There are also concerns that have been growing around the existence of heavy industry and its contributions to pollution in low income, BIPOC neighborhoods particularly. I would work with MPCA to create a permit system that demands heavy polluters, such as Smith Foundry and Northern Metals, either find a way to drastically reduce their polluting operations, or leave the city. We could then replace these facilities with unionized, green industry jobs in organic recycling, urban agriculture, and green energy production. Most importantly, I would follow the lead of BIPOC environmental justice organizers who have been leading the path towards these programs, to make sure we are meeting the needs and desires of those communities. One project in particular I do support is the East Phillips Indoor Urban Farm, who have shown how a community can collaborate and create a green economic center. I believe that their work should be supported and funded by the city, and invested in long term as a model for neighborhoods across our city. 

Finally, I would like to see our city invest more in jobs for young people, particularly surrounding jobs that focus on “care”, such as health jobs, mental health services, maintenance, and landscaping. These jobs have low output, and if we invest in hiring from our neighborhoods we can create a strong culture of workers in our city directly providing to their communities. One example of such a jobs program would be municipal shoveling, which would not only help keep our streets clean and safe to walk on in winter, but also help reduce our use of salts and protect our water from damage. Another example would be increasing funding for harm reduction services, which not only helps folks seek recovery and healthier living, but also reduces the amount of biohazards in our streets.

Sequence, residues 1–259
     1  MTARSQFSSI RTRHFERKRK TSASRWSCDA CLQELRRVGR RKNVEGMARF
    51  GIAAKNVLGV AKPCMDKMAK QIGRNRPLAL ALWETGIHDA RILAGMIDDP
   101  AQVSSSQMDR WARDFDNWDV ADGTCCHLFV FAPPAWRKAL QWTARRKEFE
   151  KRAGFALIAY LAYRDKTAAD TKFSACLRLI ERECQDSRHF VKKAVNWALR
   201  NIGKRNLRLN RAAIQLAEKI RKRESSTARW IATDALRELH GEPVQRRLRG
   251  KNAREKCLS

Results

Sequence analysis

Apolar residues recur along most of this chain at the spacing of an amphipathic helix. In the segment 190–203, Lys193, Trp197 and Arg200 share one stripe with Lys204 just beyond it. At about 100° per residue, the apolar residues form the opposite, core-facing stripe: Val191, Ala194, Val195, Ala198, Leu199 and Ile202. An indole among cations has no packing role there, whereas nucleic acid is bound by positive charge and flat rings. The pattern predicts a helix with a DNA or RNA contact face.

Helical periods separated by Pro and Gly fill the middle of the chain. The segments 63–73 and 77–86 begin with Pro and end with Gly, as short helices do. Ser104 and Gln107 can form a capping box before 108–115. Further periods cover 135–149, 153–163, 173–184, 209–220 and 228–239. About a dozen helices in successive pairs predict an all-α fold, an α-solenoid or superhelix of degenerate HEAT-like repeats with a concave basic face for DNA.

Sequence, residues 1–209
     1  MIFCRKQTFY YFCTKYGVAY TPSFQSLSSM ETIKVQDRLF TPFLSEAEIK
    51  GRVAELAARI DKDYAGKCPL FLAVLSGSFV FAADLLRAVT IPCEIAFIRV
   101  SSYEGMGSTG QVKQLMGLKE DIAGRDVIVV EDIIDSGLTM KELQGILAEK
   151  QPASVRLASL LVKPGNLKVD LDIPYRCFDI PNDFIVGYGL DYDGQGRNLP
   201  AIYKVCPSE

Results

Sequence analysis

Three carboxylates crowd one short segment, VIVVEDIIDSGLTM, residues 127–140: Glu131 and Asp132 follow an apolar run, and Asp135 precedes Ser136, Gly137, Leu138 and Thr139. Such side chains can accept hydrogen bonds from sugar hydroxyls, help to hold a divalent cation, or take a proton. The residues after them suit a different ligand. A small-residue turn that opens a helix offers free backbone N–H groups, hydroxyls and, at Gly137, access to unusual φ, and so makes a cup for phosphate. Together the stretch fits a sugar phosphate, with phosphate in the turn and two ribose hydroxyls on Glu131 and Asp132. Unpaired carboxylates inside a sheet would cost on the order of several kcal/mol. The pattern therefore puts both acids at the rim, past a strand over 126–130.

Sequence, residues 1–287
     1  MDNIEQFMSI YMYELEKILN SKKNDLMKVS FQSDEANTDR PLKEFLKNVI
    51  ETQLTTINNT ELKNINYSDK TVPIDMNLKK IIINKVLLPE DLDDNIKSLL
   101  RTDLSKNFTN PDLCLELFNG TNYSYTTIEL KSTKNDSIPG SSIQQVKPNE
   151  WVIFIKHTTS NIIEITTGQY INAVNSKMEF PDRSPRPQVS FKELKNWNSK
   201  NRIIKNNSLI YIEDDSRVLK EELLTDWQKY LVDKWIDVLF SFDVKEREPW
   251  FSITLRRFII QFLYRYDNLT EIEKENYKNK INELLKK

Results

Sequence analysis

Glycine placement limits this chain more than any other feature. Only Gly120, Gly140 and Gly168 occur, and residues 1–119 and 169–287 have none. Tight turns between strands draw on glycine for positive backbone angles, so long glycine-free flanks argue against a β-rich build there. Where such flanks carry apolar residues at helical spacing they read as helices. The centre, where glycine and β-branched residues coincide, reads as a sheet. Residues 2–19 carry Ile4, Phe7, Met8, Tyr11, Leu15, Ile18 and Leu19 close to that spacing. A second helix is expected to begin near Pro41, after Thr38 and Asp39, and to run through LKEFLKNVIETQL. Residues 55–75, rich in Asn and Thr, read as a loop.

Question: Considering that transportation is a leading source of carbon emissions in Minneapolis, do you support reconstructing Hennepin Avenue South with a full-time bus lane and protected bike route (as is called for in adopted city policies, such as the Transportation Action Plan)?

Nezhad: I absolutely support these changes. The more accessible we make our streets to riders of all stripes the safer our communities will be. I support dedicated bike and bus lanes on Hennepin, and would look forward to the results of this and expanding it to other major corridors. Overall I would like to invest more in traffic calming techniques. Creating more protected, dedicated lanes for biking would be also contribute to that. Finally, my municipal shoveling program will make it easier for those who walk and roll to make it to the bus stop, and get in and out of the bus without having to scale treacherous mounds of ice and snow.